Saturday, 28 March 2015

GNU Terry Pratchett

When I hear people mention things about fantasy, my knowledge is pretty much limited to fairy tales, those little ones with badass chicks on the front or Terry Pratchett. And even about those things, I hardly know much of outside of the books I've read. I don't really care much for the lives authors have outside of writing the books I love - except for if they're writing their next book and when can I have it.

However, just because I don't know jack about the world of authors and what they do, it didn't stop me from shedding a tear or two earlier this month when I found out that Terry Pratchett died.

I know nothing about him, except that he wears wide brimmed hats, appeared as cameos in film versions of his books and that he had been diagnosed with Alzheimer's (courtesy of one of my great reader friends who was devastated at the news). I know nothing about the guy personally and I know nothing about who he was as a person - but I did know that he wrote very, very amazing books.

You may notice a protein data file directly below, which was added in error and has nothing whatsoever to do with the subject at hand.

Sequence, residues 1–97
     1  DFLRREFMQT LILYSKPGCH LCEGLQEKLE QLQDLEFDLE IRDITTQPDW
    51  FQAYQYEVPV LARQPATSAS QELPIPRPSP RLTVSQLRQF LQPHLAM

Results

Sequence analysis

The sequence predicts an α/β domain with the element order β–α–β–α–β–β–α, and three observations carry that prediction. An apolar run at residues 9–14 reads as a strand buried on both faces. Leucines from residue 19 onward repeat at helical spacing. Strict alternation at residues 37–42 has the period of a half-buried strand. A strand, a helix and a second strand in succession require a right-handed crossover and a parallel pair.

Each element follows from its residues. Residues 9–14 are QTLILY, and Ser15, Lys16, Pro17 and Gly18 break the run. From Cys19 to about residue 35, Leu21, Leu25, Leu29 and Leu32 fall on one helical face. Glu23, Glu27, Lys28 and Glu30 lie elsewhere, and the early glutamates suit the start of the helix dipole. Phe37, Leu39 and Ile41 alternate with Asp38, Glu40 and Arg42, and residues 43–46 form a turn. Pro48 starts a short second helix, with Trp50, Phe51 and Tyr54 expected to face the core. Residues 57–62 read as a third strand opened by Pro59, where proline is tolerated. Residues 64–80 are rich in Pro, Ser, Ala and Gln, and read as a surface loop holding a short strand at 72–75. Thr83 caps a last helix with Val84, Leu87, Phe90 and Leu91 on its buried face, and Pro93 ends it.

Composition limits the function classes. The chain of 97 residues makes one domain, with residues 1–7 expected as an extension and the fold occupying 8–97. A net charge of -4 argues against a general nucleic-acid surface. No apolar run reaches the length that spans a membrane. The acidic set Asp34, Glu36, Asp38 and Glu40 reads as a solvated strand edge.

So, I won't pretend I know him and write about how amazing he was and how he changed the world, whether he did or not. I'll write about the only thing I feel at liberty to write about.

His books have a magical kind of power. Discworld, his main series (which can also be read as stand alone novels) is a mess of hilarious illogical logic and such detailed and reasonable chaos that you either had to put the book down because it was too much to grasp, or fall directly down the rabbit hole into the most amazing, well put together world that you can actually imagine co-existing with ours in some kind of crazy parallel universe. Funny, stupid, wise, heartbreaking, all rolled into one.